Earth Day 2017 has long since passed but Apple’s still not done busting out its quirky videos that celebrate the company’s green environmental protection initiatives.
In Apple’s latest hand-drawn ad published today, the company showcased its efforts to preserve forests so that the paper used in all of its packaging is done in a sustainable way. With a goal of preserving nearly 1 million acres of forest by 2020, Apple hopes 99% of the fibers and papers will come responsible sources and recycling.
A college friend who bought a new phone and was about to trash a defunct iPhone 3G sparked the idea for MyPhones Unlimited, a smartphone recycling service that Cult of Mac recently partnered with.
“Two main thoughts came to mind,” says MyPhones Unlimited founder Gabe Trumbo. “One is that that can’t be good for that to just be thrown away, there has got to be a better way to recycle it. And beyond that, I’m sure there’s still some value in it.”
He was right. Trading in his friend’s phone himself, Trumbo got a bigger chunk of change than he expected — and immediately saw a market coupled to an important problem.
Consumers have a nasty habit of throwing out their electronics as soon as newer, shinier models become available, and they rarely ever do so properly. Nearly 42 million tons of e-waste — everything from microwaves and electric shavers to washing machines, laptops, cellphones, TVs and computer monitors — entered the global garbage stream in 2014, according to a United Nations University report.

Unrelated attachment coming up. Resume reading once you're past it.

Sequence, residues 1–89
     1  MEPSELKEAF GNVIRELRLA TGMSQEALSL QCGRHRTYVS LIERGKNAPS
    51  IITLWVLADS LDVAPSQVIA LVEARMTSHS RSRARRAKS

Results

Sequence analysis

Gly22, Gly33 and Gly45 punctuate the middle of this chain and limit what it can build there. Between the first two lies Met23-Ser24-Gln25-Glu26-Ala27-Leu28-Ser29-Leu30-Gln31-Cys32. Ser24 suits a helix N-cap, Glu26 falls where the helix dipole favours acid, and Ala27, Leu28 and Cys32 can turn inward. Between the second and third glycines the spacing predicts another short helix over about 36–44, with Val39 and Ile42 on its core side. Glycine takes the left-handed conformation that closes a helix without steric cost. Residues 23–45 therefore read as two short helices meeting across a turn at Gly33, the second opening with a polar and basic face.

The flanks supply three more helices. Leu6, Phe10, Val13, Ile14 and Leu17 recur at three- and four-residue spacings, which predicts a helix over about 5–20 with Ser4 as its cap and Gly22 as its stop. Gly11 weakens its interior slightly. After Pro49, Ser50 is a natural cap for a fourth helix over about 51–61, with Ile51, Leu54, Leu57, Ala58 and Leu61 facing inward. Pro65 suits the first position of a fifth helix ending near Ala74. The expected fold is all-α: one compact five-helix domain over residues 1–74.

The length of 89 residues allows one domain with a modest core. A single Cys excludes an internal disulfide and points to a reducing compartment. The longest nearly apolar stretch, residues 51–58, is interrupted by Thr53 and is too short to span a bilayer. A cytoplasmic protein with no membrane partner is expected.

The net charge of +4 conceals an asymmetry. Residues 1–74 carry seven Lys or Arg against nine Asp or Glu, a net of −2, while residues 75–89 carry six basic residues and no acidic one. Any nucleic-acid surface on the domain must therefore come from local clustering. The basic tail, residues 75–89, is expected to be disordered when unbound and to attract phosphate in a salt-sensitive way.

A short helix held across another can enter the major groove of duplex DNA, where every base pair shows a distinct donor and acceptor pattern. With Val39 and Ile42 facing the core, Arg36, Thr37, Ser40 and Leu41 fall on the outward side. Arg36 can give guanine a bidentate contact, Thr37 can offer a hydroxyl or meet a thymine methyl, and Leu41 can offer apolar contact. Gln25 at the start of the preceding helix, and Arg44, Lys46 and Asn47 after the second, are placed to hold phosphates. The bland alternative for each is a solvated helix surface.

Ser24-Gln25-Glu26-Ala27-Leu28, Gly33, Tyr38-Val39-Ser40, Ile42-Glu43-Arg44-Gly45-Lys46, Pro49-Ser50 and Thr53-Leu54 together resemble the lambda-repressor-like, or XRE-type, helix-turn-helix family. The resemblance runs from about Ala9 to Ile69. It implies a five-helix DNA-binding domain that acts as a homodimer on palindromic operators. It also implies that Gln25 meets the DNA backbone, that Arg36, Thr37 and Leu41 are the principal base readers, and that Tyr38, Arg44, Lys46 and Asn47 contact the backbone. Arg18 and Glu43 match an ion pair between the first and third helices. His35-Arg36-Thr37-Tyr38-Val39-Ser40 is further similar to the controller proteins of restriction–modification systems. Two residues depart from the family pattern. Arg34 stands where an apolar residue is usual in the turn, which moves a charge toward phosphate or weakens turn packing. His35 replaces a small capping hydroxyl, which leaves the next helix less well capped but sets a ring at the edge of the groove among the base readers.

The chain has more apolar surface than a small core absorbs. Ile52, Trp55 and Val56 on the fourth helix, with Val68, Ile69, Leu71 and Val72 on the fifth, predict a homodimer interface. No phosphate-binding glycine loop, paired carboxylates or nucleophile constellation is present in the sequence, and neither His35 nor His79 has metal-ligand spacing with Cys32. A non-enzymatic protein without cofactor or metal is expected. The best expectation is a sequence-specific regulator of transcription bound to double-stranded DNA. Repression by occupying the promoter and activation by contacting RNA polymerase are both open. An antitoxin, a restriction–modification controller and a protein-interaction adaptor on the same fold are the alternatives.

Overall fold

Like all trash, this stuff doesn’t just disappear. Instead, it stacks up in landfills. Unlike most trash, however, e-waste is often packed with valuable components — as well as toxic chemicals and materials that can cause real damage wherever they end up.
Kyle Wiens thinks the iPad should be banned. It’s a “highly immoral” product, he says, because it can’t be opened and repaired when the battery dies. It’s a throwaway device, and he wants governments to prohibit it.
“It’s not designed to be long-lasting,” said Wiens, who is the co-founder and CEO of iFixit. “It’s like selling a car that has to be replaced when the tires wear out.”
Wiens is the Bernie Sanders of the electronics industry. He doesn’t just want reform — he wants revolution!